Concentrating collectors might have a mystique about them that because they use mirrors, these mirrors have to be perfectly clean. This is not possible in the real world and not really necessary I have found. As with a flat plate type collector, the reduction of output due to atmospheric grime might be in the order of 10% if the equipment is really dirty.
Adding a transparent cover over a parabolic collector does not solve the problem since the grime accumulates on the cover instead. Adding a cover means that some energy is always lost by the cover, even if it is clean, since the cover will absorb some of the heat and re-radiate it so that heat does not make it to the collector.
Here in my northern climate (Toronto Canada area) rain water cleans my solar concentrator reasonably well. My array is at an angle to the ground and most of the grime just slides away with the rain runoff. I have not cleaned them myself until now.
To maintain peak efficiency ALL types of solar collectors benefit from manual cleaning, even if only once a year, a concentrator is no different. Some atmospheric deposited grime does not wash off with the rainwater and a mild mechanical cleaning is required. If you are in a dry climate, you might need to manually clean your solar collectors more often.
If the concentrator mirror is on the backside of the sheet as it is with a plastic mirror, a squeegee is perfect.
This is about my DIY tool for cleaning concentrating parabolic solar collectors similar to my DIY design very easily. Like using a regular straight squeegee on a flat plate collector.
Recently I noticed the shape formed by the windshield wiper on my car when I pulled it away from the glass. It was almost perfect - a backwards parabola of almost the right size. But the rubber blade was on the wrong side!
I disassembled a standard auto wiper to invert the blade and mounted it on a pole. As you will see in the video below, it is now almost a perfect fit with my parabolic collectors.
Above is a closeup to show the swivel pin which holds the wiper to the curved arm. I looked at four types of car wiper blades to check for curvature and length. A friend came up with this rather ingenious method of fastening the blade to the arm. thank you Peter! Simple yet very tough, it allows the blade just the right degree of support and a small amount of give. Details will be in the upcoming book.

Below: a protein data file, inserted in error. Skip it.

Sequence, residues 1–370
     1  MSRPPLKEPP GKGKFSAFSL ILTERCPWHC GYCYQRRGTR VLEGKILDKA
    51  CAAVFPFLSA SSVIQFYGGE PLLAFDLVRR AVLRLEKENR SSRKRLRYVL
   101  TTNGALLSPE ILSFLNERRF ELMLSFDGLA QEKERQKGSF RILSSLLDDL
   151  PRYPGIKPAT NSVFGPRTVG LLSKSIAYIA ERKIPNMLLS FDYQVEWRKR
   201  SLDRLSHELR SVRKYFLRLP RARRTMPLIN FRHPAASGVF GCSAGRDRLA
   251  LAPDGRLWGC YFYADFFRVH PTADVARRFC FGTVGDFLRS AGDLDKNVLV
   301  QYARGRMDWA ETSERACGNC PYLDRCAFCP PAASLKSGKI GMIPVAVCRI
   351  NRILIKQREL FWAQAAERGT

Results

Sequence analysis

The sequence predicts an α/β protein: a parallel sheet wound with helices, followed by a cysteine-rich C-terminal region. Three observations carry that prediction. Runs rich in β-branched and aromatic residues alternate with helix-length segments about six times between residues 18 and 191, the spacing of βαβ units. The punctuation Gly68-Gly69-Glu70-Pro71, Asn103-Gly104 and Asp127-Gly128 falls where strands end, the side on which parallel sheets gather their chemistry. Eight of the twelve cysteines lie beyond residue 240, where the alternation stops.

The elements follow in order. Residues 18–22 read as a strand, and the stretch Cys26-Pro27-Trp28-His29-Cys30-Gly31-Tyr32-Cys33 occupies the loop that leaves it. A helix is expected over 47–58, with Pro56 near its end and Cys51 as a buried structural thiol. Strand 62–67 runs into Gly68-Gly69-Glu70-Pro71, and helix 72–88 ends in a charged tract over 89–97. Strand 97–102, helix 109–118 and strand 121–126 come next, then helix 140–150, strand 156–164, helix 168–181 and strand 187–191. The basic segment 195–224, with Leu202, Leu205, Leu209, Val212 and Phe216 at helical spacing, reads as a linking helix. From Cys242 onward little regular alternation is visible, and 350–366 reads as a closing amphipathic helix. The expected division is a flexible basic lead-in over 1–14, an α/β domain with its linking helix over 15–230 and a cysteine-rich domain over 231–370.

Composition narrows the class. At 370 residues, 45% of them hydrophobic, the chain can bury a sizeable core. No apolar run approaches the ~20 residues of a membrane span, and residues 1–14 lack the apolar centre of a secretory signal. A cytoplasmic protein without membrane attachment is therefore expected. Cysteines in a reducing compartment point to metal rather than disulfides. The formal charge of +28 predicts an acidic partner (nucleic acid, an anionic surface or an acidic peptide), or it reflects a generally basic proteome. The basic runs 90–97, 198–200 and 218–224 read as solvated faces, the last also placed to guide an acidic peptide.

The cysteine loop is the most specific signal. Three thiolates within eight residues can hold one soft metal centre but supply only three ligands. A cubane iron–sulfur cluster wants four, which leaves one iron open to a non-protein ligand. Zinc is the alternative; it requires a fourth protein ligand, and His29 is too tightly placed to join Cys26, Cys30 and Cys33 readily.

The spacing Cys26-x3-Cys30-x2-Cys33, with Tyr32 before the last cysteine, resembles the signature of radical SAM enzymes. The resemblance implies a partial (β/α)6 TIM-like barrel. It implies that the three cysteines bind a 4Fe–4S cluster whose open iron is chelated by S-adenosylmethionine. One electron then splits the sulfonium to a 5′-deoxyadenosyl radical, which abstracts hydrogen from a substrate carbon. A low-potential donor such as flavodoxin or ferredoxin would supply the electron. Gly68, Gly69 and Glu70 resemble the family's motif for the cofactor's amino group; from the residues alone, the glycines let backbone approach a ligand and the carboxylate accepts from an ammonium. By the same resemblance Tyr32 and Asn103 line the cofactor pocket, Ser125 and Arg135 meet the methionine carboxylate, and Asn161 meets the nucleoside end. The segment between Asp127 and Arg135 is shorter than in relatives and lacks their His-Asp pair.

If you want to make one of these cleaners, you will need to look at the type of wiper blades you have available.
I tried OEM blades (my drive is a Ford product) and universal replacement blades I bought from an auto supply. I found that by removing the end caps (twisting and pulling) each blade could be easily disassembled. With all but one of them, the blade could be reversed.
If you are in Canada, the one I finished with and show in these pictures is the "Horizon" by rain-x available in various lengths from Canadian Tire.
I ignored the packet of rain-x that they suggest I apply to the glass prior to wiping. I didn't think it was necessary. I used a 22 inch blade for my 24 inch collectors. I am surprised that this product is sold here in inch lengths with no metric marking at all on the package? Canada is metric I think
Getting the center pivot onto the other side proved the most challenging. Of the four types of wipers I looked at, they all had removable end caps but all differed in their details. All but one could be reversed. One had too much curvature. One was too short. It was difficult to remove the center pivot and involved gently bending metal fingers and breaking a spot weld but I did it.
This cleaner works very well. The reflector must be wet before using it. You can do it after a rainfall or use the morning dew. Otherwise you will need to mist with a water spray to the point that water droplets start running down the surface.
I don't see many people on their roofs cleaning their collectors - maybe that's a business idea for someone?
Thank you for your interest